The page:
Crude, Crude Summer
By now we all know that gas prices are on the rise, with crude oil topping $106/barrel and pump-watchers bracing for $6 gas. Despite the President having previously heralded rising gas prices as a good thing for the economy, so long as it's "a gradual adjustment," and his energy secretary being on record pining for much higher, European-level gas prices, election-year-Obama now feels it's time to address the worrisome run-up.
But given historical seasonal fluctuations in oil and gas prices, if the administration has readied any fresh excuses (those already trotted out include "things beyond our control, like unrest in the Middle East or other factors like the growth of emerging countries such as China and India"), particularly any that divert attention from their own track record of quashing domestic exploration and upturning their nose at supply from friendly neighboring countries, they may want to keep those arrows quivered for another few months.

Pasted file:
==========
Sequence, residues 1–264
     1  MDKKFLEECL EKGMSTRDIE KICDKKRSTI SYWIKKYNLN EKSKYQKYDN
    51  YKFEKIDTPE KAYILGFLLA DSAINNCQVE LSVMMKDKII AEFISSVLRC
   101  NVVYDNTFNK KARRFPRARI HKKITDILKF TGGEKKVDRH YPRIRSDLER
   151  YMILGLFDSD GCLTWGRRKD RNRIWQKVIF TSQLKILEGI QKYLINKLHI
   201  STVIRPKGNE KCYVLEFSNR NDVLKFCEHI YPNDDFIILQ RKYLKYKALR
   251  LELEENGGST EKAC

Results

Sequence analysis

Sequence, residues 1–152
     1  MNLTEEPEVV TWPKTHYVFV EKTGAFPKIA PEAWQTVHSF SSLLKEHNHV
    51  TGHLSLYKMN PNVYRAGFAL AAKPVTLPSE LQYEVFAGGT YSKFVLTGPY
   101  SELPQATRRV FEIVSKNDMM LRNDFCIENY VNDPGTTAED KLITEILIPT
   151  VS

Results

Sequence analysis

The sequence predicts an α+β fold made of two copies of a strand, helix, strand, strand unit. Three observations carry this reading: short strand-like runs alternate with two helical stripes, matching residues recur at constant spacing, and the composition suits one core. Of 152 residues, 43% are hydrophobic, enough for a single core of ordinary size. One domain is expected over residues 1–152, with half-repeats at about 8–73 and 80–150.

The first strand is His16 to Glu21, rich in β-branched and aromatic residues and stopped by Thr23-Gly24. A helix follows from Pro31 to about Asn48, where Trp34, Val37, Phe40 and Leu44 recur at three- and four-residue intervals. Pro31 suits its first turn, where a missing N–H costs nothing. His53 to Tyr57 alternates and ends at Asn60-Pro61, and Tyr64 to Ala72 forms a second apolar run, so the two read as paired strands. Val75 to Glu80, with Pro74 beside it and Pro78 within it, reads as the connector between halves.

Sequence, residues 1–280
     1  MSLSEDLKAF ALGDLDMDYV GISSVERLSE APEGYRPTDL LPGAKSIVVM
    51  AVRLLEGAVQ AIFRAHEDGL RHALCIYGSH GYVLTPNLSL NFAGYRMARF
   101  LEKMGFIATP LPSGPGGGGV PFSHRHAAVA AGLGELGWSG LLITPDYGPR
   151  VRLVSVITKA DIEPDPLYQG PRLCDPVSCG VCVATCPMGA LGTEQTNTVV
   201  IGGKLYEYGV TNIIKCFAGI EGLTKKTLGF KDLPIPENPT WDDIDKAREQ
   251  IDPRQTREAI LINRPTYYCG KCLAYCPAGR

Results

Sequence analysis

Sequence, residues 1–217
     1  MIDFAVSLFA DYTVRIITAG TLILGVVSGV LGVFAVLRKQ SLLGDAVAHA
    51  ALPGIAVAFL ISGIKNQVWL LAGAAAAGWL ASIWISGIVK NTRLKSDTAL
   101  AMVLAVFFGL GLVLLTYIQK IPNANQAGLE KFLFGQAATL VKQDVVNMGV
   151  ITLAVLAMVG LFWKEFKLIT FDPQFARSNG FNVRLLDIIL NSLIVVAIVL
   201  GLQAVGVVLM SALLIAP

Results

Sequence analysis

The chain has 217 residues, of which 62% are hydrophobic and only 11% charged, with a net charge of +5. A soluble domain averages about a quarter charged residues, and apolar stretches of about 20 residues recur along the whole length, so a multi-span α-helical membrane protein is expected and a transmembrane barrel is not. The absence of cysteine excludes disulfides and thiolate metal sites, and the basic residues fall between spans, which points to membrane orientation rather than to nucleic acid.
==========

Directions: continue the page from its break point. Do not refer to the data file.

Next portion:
February is not typically a month when we see energy prices cresting. Instead, prices tend to rise as we get into the summer driving months (and, inconveniently, as we enter the general election season). Over the last six years, crude oil climbed an average of 44% from its late February level before reaching its calendar year high (on average, it took about six months to get there).
A similar run-up from this week's average of more than $105/barrel would have us cruising past $150 by the end of August, surpassing the record weekly average price seen during the 2008 oil bubble.
(One could argue that the bubble year was anomalous and should be dropped from the data, though doing so only brings down the average run-up from February prices from 44% to 43%.*)
Below, the blue line represents the average weekly crude price since 2006. The red arrows are the price change from late February to the respective yearly highs. The dotted arrow represents a 44% jump from current prices over the next six months.
If this were to play out, $6 a gallon might start to sound pretty good.
* A better pruning might be to toss out the year following the bubble (2009), when prices rebounded from the burst, rocketing more than 100% from late February levels. Stripping out 2009 gives you an average run-up of 32%, suggesting a 2012 peak of roughly $140.
Handcrafted by Flip on February 23, 2012 |
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